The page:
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Aquarium Care and Maintenance Tips From the Experts

Having an aquarium in your home can provide a soothing element to the ambiance. Watching fish swim around can remind us to slow down a little and enjoy our surroundings. However, having an aquarium can quickly go awry if the proper aquarium care and maintenance steps aren’t taken. The following will explore some of the things you can to help ensure your tank and the fish and plants inside it are healthy and well-cared for.

Know Your Fish

Before we dive into the broader elements of aquarium maintenance, it’s important to note that different types of fish require specific care. Ensure that you know what pH levels, nutrient content, oxygen levels, and temperature your fish need to thrive. You can research types of pet fish and their needs at Whenever purchasing a new fish, ensure that it will get along well with the ones you already have.

Placement Of Your Aquarium

Believe it or not, where you keep your aquarium can have a big impact on your fish’s health and how much care your tank needs. Keeping an aquarium near a sunny window isn’t going to feel great for your fish; it’s going to warm the water up, and it’s going to encourage the rapid growth of algae. Likewise, keeping your tank somewhere cold like the basement or the garage is going to mean that the water heater has to work double-time to keep your fish happy. Your utility bill won’t be pleased.

Change The Water

You want to be changing about 10 to 15 percent of the water in your tank each week. If there’s a ton of fish within, you can boost that up to 20 percent. Natural waste byproducts like nitrate and phosphate will build up in your tank and put your fish under stress.

Consider A Helper Fish

There are a few types of fish that enjoy keeping things clean. This means that if you include one in your aquarium, it will help you stay on top of the maintenance work required. Plucky fish are one example, but there are several you can choose from. Pleckys like to hang out at the bottom of a tank or along the walls and eat the algae buildup off the pebbles and glass.

Think About The Term Care

Care can mean a lot of things. You’re probably thinking about it in the context of the fish and the tank you have in your home, but it turns out the choices you make regarding your aquarium can have a significant impact on thousands upon thousands of other fish—maybe even millions. When choosing the type of fish that you want to keep, learn a little bit about where the fish comes from and whether any damage is done to the environment or other fish in the process. Tropical fish, in particular, has quite the shady backstory more often than not. Make sure the fish you choose to keep in your home isn’t causing havoc to others.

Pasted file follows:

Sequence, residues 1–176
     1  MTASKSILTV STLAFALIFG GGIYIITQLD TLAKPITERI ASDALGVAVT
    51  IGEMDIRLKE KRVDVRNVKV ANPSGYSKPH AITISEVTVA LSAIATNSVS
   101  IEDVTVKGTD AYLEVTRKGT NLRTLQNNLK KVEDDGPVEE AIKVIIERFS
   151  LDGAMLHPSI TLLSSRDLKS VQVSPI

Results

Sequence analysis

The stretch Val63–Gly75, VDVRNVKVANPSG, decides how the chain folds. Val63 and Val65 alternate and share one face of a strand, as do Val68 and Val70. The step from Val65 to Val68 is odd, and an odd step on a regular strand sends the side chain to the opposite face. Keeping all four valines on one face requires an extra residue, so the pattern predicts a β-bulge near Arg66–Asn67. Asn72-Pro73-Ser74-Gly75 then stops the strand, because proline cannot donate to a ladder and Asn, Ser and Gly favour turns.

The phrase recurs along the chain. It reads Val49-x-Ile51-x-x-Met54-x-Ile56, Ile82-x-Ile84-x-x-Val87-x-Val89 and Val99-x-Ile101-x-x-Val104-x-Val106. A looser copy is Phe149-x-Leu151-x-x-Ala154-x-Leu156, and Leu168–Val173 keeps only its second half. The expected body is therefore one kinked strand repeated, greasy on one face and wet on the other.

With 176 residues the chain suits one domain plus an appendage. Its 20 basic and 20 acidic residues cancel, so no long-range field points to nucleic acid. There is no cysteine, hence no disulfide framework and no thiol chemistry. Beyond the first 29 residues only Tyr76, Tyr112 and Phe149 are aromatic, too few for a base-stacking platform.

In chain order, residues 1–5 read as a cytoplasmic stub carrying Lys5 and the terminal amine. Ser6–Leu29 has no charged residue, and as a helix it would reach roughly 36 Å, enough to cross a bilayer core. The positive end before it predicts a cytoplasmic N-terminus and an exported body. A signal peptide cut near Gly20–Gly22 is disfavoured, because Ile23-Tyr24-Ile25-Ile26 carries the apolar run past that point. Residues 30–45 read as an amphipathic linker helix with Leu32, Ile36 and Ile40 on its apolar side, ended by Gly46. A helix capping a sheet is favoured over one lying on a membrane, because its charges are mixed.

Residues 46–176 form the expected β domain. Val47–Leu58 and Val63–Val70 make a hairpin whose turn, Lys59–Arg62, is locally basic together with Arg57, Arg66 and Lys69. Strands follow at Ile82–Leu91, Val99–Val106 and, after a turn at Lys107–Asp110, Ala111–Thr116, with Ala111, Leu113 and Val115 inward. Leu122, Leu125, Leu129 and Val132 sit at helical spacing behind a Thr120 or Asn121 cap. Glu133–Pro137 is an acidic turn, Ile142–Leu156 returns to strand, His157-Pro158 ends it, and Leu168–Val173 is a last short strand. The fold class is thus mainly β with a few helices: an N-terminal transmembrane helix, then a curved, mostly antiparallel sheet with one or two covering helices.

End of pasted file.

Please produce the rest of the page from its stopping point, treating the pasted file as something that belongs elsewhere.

Clean Your Tank Regularly

Just like humans, fish like things to be clean. This means that you’re going to need to keep an eye on your tank, and when you start to notice cloudy water, a film-like build-up on the glass, or green fuzz growing on the pebbles, it’s time for a clean. Use a net to capture the bigger algae pieces and a fish-tank scrubber (sometimes also called an algae pad). Make sure you chose one explicitly designed for tanks, as many sponges and pads have soaps or chemical residue that could be lethal for your fish.

Then take out the rocks, fake plants, and decorative elements that are noticeably dirty. Make sure you clean them without soap. Again, soap can hurt your fish. Wash them in water only and then let them air dry. Vacuum the gravel if that’s needed (again with a water siphon, not a regular vacuum). Wipe down the exterior of the tank, including the glass, hood, light, and tank top. Only use an aquarium-safe cleaner.

Change The Filter (But Not When You’re Cleaning)

Fish tanks need a unique balance of bacteria. Everything, including humans and all other ecosystems, do too. When you clean the tank as described above, you run the risk of upsetting the bacterial culture. Lucky for you the filter has some of this bacteria in it. Never change the filter and clean the tank at the same time. Wait a few weeks after cleaning to change or clean the filter. Use a thin scrubby brush to clean the filter tubing.

The above tips should help you keep your aquarium well-cared for and well-maintained. If you have any questions, reach out to your local pet care professional.